Eggplants are rich in vitamins C and E. These antioxidants, especially together, provide greater protection from the sun’s harsh ultraviolet rays. This delays the appearance of wrinkles, dark spots, or other signs of aging.5
Also, nasunin acts as a free radical scavenger that keeps cell membranes from damage and inflammation, like in the case of acne or psoriasis. For healthy skin, you need to pile up on niacin, folate, and manganese. These repair damaged cells and protect the skin from free radicals, and are found in eggplants.6
6. Strengthens The Bones
One cup of eggplants meets 5% of your daily manganese requirement.
Eggplants are very bone-friendly veggies. If you have a risk for osteoporosis, you need to add them in your diet. They are full of phytonutrients, iron, manganese, and vitamin K – all vital to bone health. They utilize calcium efficiently and this eventually leads to stronger bones.789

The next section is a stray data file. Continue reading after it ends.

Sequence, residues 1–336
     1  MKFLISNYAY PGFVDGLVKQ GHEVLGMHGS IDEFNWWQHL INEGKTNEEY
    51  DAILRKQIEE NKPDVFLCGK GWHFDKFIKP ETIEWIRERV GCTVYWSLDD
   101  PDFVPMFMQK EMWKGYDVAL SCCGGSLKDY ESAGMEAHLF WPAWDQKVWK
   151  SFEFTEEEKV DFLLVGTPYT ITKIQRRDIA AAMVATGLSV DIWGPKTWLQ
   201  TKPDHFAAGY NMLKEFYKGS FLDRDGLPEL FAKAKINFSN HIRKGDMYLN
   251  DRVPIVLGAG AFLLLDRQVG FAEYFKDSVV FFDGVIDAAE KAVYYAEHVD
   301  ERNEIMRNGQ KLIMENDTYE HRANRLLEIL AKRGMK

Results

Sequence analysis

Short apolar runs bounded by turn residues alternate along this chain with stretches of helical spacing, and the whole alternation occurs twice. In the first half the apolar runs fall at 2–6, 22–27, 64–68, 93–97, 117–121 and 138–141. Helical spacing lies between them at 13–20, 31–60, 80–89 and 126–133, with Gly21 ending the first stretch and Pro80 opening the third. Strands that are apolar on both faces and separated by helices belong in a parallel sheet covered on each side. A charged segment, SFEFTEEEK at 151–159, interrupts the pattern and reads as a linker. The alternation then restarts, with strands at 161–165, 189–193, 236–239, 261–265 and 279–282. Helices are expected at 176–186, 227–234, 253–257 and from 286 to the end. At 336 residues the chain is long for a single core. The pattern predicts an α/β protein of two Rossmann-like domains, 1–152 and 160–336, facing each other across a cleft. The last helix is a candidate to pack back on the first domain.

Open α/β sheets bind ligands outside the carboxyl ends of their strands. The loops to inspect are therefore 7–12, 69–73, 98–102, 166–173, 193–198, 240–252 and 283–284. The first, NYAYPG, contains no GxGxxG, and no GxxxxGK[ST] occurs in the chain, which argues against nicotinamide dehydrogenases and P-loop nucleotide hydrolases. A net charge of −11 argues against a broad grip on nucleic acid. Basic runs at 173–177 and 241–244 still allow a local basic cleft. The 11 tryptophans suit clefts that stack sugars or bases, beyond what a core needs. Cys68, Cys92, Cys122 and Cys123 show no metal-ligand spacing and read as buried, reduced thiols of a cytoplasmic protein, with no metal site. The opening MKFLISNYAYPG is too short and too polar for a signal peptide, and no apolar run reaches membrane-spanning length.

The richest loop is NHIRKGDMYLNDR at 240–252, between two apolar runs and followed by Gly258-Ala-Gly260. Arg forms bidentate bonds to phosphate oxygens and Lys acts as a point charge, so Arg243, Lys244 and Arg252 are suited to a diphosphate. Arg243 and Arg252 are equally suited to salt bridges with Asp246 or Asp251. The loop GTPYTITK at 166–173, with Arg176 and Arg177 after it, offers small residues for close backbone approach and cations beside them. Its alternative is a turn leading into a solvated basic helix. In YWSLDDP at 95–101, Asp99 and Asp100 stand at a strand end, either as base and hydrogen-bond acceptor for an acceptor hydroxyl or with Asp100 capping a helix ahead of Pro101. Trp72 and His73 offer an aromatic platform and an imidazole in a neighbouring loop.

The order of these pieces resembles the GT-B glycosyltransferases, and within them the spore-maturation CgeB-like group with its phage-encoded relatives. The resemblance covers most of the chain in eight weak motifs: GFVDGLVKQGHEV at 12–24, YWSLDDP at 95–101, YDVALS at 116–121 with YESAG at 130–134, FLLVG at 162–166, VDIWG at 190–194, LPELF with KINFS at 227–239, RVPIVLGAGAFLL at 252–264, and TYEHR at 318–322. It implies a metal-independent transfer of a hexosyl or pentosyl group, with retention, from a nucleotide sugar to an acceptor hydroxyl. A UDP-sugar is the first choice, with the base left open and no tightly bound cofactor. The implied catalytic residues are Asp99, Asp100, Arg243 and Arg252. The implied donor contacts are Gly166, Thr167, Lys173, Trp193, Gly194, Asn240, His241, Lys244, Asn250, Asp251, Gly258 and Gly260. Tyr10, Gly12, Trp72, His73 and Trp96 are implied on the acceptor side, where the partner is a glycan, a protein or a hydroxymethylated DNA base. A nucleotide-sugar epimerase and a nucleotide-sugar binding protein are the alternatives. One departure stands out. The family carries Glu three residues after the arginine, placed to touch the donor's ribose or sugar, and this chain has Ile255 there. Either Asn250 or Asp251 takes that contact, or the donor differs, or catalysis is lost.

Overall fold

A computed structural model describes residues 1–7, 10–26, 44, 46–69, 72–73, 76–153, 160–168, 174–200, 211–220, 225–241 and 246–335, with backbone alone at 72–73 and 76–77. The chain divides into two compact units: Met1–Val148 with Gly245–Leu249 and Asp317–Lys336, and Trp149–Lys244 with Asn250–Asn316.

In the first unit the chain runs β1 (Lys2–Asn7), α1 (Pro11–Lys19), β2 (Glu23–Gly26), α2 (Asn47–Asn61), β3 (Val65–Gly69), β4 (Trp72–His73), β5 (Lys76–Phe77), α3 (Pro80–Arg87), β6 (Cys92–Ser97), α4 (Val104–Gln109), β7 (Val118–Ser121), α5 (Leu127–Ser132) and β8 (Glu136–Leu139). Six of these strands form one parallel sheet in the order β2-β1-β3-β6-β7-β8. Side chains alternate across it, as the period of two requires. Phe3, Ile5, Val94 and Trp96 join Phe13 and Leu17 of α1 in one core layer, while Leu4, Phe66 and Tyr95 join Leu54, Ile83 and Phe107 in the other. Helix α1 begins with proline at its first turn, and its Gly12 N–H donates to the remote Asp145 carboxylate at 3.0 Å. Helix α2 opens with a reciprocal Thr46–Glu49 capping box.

7. Reduces Excess Iron
An interesting fact about the glossy purple vegetable is that they are an iron chelator. This means they remove excess iron in your system. Thanks to nasunin.10
Excess iron has been linked to heart attacks, cancer, and an increase in free radical production. Postmenopausal women, in particular, are prone to an iron buildup in the system. Owing to the antioxidant and free radical scavenger properties, nasunin pushes out excess iron from the body.
8. Reduces The Signs Of Depression
Studies claim that a deficiency in a compound known as serotonin can cause depression and anxiety. Serotonin uplifts your mood. Eggplants contain an ingredient known as scopoletin which regulates serotonin and this reduces depression.11
9. Improves Digestion